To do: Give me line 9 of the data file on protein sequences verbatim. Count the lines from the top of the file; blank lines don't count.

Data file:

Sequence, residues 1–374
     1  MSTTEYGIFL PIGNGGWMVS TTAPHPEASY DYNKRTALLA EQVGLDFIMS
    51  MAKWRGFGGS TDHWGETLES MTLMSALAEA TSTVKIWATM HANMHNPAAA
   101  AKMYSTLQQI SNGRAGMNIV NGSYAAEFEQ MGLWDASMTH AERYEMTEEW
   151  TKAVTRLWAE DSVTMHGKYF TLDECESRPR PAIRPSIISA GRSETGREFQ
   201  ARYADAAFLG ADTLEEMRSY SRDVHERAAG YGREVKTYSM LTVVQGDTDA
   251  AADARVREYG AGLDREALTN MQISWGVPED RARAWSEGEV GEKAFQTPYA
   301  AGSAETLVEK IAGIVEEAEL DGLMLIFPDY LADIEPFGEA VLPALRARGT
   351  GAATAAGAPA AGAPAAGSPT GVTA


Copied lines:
   351  GAATAAGAPA AGAPAAGSPT GVTA